There are a number of locations at Crystal Bridges that offer stunning views of the Museum architecture and landscape. However, the constrictions of the Museum’s site—down inside a ravine, surrounded by trees—makes it a challenge to photograph in a way that conveys the full scope of the campus. Back in 2011, aerial photos and video of the site were shot from helicopters that circled over the campus. But changes have occurred since then, and the landscape has matured and filled in a lot in four years. It was time for new aerial footage.
Bring in the drone! New technology in aerial video opens a world of new perspectives on Crystal Bridges from the air. A camera-wielding drone is more maneuverable than a helicopter, and can shift perspective from eye level to bird’s-eye level in moments, adding drama to the footage that was not possible before.
Plus, it’s really cool.
Crystal Bridges brought in Adair Creative Studio to shoot drone-powered video of the Museum from a variety of vistas and in a wide range of light (the shoot began at 5:30 a.m. and wrapped up close to 10:00 pm). The short sample of footage below shows how the drone’s maneuverability creates images that mimic the sense of “wow” that visitors get when they first first step to the railing at the front entrance and look down to see the hidden sweep of copper roofs, sparkling water, and sharp architectural lines that are the Museum’s hallmarks.
The drone used to shoot this footage is a custom-built DJI “Spreading Wings” S1000 Octocopter packing a camera that shoots cinematic 4K resolution video. The drone is built of carbon fiber, so it’s lightweight—drone and camera together weigh less than the battery pack that powers them. Flight time on a single battery is limited to 10 minutes, however, so careful planning prior to each shoot is necessary to maximize flight time and ensure that the drone can fly out and then back to its operator before losing power. The shoot required a team of four: a drone pilot, a camera operator, a director, and a director of photography, all working together to plan and carry out each sweep, and switching batteries out in between.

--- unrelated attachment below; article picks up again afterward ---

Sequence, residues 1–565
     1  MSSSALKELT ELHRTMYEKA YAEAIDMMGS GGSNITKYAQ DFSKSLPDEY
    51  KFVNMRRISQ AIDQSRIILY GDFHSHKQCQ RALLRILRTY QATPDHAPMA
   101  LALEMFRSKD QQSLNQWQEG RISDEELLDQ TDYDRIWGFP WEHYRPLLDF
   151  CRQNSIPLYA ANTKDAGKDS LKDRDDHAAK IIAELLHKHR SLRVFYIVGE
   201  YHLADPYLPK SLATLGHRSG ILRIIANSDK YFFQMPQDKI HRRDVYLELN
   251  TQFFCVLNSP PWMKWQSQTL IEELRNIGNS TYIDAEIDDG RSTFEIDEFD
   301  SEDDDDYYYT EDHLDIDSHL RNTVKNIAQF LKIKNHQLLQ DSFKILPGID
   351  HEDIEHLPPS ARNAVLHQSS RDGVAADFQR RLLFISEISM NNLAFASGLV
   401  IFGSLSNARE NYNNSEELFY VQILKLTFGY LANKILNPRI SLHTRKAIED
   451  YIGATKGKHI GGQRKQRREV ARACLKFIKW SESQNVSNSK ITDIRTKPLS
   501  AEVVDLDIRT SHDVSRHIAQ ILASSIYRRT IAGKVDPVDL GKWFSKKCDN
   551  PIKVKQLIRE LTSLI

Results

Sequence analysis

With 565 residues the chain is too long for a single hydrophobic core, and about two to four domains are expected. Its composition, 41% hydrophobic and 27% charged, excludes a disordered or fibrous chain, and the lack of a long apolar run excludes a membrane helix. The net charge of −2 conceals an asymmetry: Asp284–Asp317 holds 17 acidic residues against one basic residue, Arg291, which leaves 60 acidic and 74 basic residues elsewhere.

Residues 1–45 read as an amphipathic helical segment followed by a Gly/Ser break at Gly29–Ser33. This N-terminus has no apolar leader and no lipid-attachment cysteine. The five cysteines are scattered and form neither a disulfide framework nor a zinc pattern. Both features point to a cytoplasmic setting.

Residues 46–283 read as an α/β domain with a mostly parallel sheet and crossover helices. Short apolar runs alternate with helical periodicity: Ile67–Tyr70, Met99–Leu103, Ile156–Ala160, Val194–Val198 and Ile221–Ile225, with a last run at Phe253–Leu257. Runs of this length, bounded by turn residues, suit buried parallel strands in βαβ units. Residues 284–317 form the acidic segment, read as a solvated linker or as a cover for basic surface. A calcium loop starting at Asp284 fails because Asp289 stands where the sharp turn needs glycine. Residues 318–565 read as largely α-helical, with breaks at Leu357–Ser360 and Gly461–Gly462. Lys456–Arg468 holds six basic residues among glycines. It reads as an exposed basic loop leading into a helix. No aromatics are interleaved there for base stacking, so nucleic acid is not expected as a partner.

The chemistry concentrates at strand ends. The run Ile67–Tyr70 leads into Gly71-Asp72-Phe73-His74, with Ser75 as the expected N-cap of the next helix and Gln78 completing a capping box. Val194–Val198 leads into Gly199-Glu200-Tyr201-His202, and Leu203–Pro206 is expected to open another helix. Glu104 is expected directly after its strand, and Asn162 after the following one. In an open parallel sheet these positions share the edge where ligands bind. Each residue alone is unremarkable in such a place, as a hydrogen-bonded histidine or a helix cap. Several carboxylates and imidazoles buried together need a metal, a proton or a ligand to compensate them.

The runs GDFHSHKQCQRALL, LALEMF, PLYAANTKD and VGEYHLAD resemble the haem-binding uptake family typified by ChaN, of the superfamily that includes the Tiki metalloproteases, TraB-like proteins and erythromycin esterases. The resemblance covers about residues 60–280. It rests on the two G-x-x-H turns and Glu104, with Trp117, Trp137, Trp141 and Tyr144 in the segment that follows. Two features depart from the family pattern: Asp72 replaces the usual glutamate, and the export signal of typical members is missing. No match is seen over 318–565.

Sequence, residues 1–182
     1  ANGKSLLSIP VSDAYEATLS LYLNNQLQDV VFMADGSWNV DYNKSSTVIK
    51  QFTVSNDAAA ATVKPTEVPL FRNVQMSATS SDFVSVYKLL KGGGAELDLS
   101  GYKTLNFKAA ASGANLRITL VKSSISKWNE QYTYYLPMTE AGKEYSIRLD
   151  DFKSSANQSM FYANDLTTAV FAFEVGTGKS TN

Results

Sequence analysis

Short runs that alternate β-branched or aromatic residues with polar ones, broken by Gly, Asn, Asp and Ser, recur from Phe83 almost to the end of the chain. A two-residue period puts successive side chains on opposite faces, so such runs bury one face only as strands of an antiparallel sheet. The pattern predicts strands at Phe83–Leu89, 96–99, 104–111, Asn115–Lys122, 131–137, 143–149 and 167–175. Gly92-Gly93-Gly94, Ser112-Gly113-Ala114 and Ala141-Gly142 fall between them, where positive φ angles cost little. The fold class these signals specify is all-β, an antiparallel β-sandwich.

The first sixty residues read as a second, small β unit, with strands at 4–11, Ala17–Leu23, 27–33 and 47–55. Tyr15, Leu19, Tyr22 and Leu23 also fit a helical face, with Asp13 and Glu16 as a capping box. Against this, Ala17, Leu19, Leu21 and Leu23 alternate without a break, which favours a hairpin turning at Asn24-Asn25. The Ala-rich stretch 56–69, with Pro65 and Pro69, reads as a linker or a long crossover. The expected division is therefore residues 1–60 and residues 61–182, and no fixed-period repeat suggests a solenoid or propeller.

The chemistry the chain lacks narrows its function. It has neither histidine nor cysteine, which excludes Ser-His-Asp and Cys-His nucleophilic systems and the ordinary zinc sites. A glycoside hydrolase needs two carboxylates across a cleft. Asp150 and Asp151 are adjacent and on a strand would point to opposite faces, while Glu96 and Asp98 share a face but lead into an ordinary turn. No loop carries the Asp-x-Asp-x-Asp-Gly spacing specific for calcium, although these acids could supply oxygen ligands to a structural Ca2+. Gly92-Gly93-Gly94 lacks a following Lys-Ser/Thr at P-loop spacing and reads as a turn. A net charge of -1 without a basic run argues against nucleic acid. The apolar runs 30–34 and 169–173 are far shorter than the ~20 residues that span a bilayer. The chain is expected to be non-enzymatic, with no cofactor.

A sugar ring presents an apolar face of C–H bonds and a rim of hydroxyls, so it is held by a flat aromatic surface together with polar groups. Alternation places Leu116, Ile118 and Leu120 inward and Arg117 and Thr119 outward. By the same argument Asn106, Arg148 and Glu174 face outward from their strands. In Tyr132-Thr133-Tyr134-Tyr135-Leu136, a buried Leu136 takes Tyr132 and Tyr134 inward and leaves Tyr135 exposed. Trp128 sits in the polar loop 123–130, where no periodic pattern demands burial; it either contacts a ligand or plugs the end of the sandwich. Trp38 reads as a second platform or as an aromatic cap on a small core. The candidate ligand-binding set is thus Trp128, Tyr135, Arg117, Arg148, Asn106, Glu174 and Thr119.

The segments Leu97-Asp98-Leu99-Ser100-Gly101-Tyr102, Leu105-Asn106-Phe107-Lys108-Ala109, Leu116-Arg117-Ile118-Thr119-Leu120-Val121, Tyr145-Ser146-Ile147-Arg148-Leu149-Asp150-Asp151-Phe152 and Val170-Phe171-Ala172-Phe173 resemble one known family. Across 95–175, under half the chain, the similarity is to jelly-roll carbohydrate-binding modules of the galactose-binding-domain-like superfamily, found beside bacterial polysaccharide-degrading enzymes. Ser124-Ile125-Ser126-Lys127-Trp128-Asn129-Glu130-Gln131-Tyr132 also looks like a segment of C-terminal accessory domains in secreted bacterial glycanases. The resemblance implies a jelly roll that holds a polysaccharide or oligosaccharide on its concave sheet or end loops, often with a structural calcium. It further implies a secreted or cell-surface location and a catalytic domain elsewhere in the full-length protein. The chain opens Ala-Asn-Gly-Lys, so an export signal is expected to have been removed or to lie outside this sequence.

A host of volunteers and staff members assisted in the shoot, standing in for Museum guests as the filming was done on a Tuesday when we were closed. The hardest thing about this was resisting the urge to swivel your head and stare up at the thing like a gob-smacked yokel as it buzzed by. It sounds like a really big, really angry bumblebee, and looks like an alien spacecraft (particularly at night).
You’ll be seeing more of this footage in promotional videos and commercial for Crystal Bridges in the year ahead. And watch the skies this fall: we’ll be bringing the drone team back to capture the Museum in its autumn glory and to shoot aerial video of the fully completed Bachman-Wilson House!
Thanks to our volunteers and to the drone/camera crew: Director: Zach Kennedy Director of Photography: Derrick Sims UAV Owner/Pilot: Matthew Krauft Camera Operator: Zak Heald Post Production: Zach Kennedy/Derrick Sims